As a business owner, you too need to be prepared when opportunity strikes. The two most common reasons owners sell their business are getting approached with an unsolicited offer and having a health scare. Either way you’re not in control of the timing, but you can be in control of how prepared you’ll be when opportunity knocks or necessity strikes. Here’s 7 things to do right now to get your business ready to sell
1. Make sure your customer contracts include a “survivor clause,” stipulating that the obligations of the contract “survive” the change of ownership of your company. That way, your customers can’t use the sale of your company to wiggle out of their commitments to your business.
2. Cultivate a group of a dozen “reference-able” customers that an acquirer could interview. When you sell, the buyer will want to speak with your customers; so you need a group of people – customers who are also friends – that would be willing to say good things about your company. In particular, the acquirer will be looking for assurance that the customer will keep buying after you leave, so make sure your reference-able customers are loyal not just to you but also to your business.
3. Keep in mind your elevator pitch to a potential acquirer. Writing your elevator pitch now will crystallize the important attributes of your company and ensure you focus on the right metrics in the coming years. It should the Who, What, Where When and Why of your business:
- Who: describe why your management team is a winner.
- What: describe what you sell and why customers choose you.
- Where: where are you located and what is the potential to expand geographically?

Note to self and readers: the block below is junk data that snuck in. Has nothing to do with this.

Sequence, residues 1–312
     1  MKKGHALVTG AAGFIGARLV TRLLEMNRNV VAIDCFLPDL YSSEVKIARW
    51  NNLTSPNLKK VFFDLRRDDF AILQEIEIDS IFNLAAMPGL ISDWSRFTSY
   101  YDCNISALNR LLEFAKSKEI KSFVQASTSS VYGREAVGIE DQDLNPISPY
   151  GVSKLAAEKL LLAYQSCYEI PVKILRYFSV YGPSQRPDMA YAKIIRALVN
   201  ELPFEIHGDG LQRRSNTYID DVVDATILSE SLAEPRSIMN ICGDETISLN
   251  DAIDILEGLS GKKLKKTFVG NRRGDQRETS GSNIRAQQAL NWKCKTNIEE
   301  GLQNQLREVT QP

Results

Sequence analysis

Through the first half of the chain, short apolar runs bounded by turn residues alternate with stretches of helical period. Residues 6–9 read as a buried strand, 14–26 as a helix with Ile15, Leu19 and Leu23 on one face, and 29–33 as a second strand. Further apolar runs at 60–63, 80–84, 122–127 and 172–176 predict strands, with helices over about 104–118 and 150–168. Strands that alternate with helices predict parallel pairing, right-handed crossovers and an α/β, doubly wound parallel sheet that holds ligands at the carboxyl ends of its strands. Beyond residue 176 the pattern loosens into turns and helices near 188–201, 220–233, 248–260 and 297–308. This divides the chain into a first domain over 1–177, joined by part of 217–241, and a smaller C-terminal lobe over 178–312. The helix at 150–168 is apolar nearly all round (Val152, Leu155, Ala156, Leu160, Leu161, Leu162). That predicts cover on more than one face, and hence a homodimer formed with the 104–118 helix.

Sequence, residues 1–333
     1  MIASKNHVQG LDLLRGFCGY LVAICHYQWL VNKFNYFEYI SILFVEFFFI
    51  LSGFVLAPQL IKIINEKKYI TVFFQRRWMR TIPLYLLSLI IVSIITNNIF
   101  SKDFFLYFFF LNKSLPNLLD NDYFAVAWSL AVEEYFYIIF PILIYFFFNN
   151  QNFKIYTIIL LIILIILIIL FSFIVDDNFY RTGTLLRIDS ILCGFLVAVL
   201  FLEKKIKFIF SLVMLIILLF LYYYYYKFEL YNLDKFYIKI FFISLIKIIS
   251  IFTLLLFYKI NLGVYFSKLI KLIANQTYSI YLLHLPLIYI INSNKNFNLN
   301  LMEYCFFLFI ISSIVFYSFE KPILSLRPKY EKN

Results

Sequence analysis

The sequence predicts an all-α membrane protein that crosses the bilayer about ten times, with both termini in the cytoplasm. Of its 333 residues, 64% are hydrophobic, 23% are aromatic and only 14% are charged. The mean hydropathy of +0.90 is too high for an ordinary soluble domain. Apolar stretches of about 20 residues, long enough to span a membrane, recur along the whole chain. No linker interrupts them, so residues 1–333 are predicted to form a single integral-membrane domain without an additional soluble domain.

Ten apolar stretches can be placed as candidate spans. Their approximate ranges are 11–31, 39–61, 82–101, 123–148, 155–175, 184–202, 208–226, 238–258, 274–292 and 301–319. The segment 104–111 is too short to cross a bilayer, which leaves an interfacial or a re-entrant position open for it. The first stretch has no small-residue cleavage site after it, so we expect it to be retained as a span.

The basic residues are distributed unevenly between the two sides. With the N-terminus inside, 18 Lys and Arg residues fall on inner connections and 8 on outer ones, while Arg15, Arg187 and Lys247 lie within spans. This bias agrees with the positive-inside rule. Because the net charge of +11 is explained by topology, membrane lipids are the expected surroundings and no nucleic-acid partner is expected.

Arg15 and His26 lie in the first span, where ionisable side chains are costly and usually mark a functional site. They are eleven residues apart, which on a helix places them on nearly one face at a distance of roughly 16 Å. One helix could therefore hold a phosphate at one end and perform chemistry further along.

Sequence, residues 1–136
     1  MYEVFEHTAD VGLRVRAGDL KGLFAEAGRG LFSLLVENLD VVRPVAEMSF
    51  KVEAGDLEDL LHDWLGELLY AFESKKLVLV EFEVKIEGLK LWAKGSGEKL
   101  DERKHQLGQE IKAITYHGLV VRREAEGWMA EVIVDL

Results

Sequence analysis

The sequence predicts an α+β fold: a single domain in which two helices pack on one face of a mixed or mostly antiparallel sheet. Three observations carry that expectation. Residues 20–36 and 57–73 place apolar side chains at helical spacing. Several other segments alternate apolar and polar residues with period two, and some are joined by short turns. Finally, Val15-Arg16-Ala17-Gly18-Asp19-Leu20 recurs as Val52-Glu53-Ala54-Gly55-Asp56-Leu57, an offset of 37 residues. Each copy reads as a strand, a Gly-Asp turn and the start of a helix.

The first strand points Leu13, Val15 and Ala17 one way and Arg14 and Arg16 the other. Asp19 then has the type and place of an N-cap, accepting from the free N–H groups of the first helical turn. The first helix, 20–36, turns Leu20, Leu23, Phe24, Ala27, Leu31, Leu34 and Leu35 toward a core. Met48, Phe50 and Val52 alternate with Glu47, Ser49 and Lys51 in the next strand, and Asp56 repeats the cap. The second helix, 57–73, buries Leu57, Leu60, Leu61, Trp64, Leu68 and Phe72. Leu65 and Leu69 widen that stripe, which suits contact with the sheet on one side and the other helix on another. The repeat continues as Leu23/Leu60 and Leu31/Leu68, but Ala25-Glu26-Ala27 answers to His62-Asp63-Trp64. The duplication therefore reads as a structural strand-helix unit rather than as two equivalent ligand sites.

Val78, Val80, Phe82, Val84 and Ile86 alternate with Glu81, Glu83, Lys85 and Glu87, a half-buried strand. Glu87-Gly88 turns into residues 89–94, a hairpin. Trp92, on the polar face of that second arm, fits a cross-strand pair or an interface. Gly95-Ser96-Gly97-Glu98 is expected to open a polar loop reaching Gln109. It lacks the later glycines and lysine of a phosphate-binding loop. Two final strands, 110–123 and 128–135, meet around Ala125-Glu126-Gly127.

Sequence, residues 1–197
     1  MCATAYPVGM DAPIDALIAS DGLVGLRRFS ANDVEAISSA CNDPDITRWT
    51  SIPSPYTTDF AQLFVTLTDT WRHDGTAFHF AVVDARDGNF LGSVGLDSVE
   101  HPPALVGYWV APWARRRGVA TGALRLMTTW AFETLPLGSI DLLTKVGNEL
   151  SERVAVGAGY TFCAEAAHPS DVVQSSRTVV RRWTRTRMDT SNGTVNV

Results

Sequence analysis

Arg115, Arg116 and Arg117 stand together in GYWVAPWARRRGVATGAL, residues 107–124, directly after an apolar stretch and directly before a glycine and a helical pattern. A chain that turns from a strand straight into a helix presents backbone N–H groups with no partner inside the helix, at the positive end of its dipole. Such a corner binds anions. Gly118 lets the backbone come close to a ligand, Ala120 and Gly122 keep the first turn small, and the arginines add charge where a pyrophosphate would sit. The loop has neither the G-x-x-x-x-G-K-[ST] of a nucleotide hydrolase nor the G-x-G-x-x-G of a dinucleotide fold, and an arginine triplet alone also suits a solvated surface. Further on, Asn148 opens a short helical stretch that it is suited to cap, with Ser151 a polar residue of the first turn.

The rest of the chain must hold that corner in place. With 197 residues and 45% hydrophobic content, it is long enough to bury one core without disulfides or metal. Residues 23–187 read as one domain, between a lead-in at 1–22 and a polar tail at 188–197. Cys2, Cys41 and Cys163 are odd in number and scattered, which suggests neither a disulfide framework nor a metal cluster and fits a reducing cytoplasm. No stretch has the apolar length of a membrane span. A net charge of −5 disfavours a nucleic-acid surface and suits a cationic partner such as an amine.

- When: how long have you been in business?
- Why: What are the strategic reasons someone would want to buy your company? Do you have a niche? Is your product a world-beater? Make decisions for your business now through the lens of how the results of your decisions would be perceived by a potential acquirer down the road
4. Identify 10 companies with a strategic reason to buy your business. Once you have a short list of potential buyers, study their M&A activity. What do they buy? What do they list as the strategic reasons for their acquisition in their media releases? Who are their lead corporate development executives?
5. Do business with your short list. Once you have a short list of potential acquirers, try to do business with as many of them as you can. Companies buy companies they know; so if you can find a way to work with a potential acquirer (either as a partner, supplier or customer) it’s a chance for them to become familiar with your company.
6. Professionalise your financial management – there’s nothing that freaks a buyer out more quickly than disorganised accounts.
7. Stop doing the selling. If you’re the rainmaker, nobody will buy your business without a soul-crushing earn out. Keep in mind that sales people take time to train and to hit their stride. Depending on your industry, it may take them a year or even two to start cranking out deals, so now is the time to hire and train them – not six months before you want out.